‘THE BUILD-UP SEASON’ review + Q&A with Megan Jacobson

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In anticipation for the upcoming release of ‘The Build-Up Season’ (July 31st) Megan Jacobson is going on a blog tour to promote this heartbreaking yet hopeful novel. Today, she has stopped off at my blog to answer a few questions. Also, check out my review of the book at the end, and yes, it is one of my favourite reads so far this year!


I just wanted to start off by saying that I LOVED The Build-Up Season and it’s a story that will stick with me for a long time! Also, thank you so much for taking the time to answer these questions.
(Thank you, dear human!)

1. The Build-Up Season is such an intense, emotional and thought provoking story. How did you come up with the idea and did you draw inspiration from anything?Again, thank you. I work in TV news production at the ABC and I’ve been really hyper-aware of the issue of domestic violence since covering the Rosie Batty story. It deeply affected me. Then a few years later we did a story about how women between the ages of 18 and 23 are twice as likely to experience DV than older women. This surprised me, as most of the abuse narrative we hear involve older women.

When I was in my early 20s I dated a guy who I now consider abusive, but I didn’t identify the relationship as unhealthy at the time because I hadn’t had enough experience to know what a healthy relationship should look like, or what my boundaries were. I was raised on the narrative that if a guy is controlling or jealous, then it just means he really loves you (hello Edward Cullen!) When my boyfriend pushed me to the ground or didn’t like me hanging with my friends or punched a wall, I didn’t classify it as abuse, because Hollywood told me that abusive relationships were black eyes and broken bones – and most of the time my boyfriend was actually pretty nice, and after he ‘lost his temper’ he seemed genuinely remorseful. It wasn’t as black and white as the Hollywood ‘monster myth’ with the woman staying because they feared for their lives. I loved him.

It shocked me, discovering just how many of my friends also experienced similar abuse in their early relationships. These are strong, confident, smart women. We didn’t see ourselves in the cowering, quiet archetypes we’d seen abuse victims depicted as in movies, so we didn’t see our own relationships as abusive. This is why I wanted to make Ily strong and feisty – to show how it can happen to anyone. I wanted to show Troy as the extreme end-point to violent behavior, but mostly I wanted to show the early signs, so that young women can identify what to look out for, and to identify what is and isn’t healthy in a relationship. I wanted to show the insidious way abuse ‘builds up’.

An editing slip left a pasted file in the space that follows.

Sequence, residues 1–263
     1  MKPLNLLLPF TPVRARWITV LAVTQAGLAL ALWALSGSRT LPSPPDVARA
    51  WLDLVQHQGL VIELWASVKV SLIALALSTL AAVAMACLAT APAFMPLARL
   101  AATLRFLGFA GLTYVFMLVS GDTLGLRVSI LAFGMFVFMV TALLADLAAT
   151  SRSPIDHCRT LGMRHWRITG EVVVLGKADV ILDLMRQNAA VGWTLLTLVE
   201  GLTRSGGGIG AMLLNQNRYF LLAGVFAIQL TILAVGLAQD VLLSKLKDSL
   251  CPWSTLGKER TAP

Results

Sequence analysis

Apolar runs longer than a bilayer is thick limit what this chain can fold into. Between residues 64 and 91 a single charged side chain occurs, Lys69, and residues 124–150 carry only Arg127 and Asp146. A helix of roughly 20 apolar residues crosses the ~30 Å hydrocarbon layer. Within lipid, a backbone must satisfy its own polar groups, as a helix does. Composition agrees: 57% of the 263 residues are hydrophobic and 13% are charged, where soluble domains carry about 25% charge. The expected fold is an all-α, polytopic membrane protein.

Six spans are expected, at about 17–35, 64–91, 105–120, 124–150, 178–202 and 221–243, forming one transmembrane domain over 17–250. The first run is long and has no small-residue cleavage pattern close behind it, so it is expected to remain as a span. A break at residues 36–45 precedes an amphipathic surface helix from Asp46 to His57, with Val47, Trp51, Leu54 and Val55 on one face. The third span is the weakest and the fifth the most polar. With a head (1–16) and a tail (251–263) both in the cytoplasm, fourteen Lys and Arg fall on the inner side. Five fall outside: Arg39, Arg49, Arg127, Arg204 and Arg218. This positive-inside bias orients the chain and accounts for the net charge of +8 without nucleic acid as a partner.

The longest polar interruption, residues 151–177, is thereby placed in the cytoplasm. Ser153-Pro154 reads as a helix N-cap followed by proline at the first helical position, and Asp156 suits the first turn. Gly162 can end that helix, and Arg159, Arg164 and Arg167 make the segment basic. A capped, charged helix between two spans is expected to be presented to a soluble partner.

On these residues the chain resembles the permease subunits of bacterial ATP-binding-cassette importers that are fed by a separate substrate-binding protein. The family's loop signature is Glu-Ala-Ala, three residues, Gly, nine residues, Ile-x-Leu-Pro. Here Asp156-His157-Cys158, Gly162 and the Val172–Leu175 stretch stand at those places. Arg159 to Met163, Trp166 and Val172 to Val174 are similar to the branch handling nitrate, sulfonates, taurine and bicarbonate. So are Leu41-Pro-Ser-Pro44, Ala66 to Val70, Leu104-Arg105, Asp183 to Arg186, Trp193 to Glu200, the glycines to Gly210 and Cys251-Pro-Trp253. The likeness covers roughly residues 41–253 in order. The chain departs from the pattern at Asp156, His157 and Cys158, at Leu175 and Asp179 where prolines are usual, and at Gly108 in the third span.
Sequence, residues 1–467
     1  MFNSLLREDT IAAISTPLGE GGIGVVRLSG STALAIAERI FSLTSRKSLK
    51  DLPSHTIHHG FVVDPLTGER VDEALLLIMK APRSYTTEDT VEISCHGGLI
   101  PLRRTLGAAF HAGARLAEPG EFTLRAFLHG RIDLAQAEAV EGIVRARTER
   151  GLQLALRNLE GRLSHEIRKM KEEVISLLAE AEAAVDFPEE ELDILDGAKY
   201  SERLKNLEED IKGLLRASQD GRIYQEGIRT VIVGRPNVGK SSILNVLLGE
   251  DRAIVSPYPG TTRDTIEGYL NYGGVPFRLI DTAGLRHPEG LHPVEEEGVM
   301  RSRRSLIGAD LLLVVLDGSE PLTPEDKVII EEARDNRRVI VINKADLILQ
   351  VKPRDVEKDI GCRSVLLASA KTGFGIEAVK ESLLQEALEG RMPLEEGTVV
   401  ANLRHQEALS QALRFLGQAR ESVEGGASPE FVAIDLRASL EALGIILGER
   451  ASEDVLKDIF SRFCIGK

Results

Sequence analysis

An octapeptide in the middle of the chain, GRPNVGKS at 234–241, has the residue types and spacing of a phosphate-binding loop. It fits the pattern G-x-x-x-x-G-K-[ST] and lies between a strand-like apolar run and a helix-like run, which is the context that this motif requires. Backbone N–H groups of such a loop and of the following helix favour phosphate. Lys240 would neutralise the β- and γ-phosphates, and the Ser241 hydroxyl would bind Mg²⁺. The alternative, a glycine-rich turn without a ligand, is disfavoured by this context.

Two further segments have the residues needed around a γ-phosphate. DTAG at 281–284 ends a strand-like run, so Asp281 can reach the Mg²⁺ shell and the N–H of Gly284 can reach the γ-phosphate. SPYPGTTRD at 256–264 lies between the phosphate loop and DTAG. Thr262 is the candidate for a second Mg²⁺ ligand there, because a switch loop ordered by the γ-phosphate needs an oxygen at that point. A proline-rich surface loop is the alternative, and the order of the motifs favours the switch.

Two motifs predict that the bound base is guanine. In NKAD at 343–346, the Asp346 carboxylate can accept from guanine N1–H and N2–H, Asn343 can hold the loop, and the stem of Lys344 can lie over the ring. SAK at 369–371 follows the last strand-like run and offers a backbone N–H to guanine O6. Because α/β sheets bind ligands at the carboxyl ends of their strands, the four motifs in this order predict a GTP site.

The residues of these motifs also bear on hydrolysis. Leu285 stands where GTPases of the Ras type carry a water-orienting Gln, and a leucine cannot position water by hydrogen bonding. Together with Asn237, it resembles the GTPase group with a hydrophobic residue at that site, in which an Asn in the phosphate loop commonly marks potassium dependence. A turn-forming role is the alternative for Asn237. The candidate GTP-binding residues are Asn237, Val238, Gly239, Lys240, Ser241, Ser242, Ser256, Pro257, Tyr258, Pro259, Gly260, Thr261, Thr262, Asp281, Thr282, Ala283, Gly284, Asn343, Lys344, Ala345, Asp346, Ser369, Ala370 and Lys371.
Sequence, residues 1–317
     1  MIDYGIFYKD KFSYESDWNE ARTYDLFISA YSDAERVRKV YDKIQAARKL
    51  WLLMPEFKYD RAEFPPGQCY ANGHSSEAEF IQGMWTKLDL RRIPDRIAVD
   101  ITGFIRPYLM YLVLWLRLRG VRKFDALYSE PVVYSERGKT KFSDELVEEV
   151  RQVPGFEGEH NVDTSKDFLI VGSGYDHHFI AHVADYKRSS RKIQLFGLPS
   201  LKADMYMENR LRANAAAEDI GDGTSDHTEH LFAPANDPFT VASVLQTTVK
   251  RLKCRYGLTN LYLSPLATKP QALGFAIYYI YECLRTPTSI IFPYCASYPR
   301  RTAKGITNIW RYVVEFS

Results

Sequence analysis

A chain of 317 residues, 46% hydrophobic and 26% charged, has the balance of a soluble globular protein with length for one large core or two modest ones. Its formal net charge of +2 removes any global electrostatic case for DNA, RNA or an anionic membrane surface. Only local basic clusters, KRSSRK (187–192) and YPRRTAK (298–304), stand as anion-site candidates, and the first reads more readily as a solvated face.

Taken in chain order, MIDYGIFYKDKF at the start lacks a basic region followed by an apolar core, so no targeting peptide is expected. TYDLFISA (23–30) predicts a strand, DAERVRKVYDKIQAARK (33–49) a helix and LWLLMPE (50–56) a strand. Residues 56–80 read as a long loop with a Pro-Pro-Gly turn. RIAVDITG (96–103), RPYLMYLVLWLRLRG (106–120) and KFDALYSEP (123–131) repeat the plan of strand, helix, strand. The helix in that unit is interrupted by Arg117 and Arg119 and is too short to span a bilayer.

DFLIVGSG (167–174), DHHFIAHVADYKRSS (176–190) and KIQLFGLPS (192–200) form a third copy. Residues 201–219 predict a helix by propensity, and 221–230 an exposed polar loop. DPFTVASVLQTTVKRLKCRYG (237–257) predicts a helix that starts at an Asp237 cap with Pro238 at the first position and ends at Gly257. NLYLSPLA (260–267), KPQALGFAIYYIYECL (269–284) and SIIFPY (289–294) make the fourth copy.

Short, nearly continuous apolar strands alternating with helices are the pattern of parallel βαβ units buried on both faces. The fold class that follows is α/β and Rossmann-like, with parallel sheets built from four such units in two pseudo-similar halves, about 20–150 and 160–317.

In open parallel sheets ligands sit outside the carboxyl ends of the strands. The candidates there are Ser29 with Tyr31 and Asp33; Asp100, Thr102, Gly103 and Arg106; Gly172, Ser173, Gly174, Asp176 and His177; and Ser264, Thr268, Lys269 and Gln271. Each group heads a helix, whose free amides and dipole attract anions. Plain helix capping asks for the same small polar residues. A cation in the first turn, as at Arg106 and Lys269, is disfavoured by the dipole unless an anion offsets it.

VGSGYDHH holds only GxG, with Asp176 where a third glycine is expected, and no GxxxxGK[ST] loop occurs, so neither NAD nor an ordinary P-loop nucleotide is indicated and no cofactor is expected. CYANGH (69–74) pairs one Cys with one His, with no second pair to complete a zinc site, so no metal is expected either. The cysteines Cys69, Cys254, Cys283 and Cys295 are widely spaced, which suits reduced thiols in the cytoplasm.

2. What was your writing process for The Build-Up Season? Was it different or similar to when you wrote Yellow?

The Build-Up Season was slightly easier, just because by then I’d already written one book, so in those moments I was despairing whether I could ever finish it, I had the confidence to keep going, because I knew I’d done it before.

With both books I had a few key characters in my head, and I wanted to discover the stories they fit into. I always start with the characters coming to me, then I have to follow them to see where they want to take me. Kirra was a quiet girl in a shadow who wanted me to follow her, Ily grabbed me with both hands, sticking her tongue out at me and not letting go as she dragged me along with her.

With both books I sat with the characters for ages, coaxing them to them talk to me, until I knew their stories. Then I’d start plotting the key scenes on index cards, and jotting sentences and imagery down on pages and pages of notes. Only once all of this has been done do I then start to actually write, and generally I write pretty quickly after the long marinating process.

So Iliad popped up in my consciousness and I actually wanted to write a completely different story with a different character, but she wouldn’t go away, so I had to abandon that original story to listen to her. I knew she had this fierce, defiant, vulnerable energy, and I knew her mum was a hippy, and I knew her name was ‘Iliad’, but I didn’t know why she would be called that. Sure, her mum was a hippy so would give her an unconventional name, but Eve is more likely to call a kid ‘Saffron’ or ‘Amethyst’ or something. It really confused me, but I knew in my bones that THAT was the character’s name. So I decided to explore it. I bought the book, Homer’s ‘The Iliad’ and read it, and it’s a story of the Trojan war, so it really fit this girl, who had this palpable sort of anger and fighting within her, but it still didn’t explain why her hippy mum would call her baby that.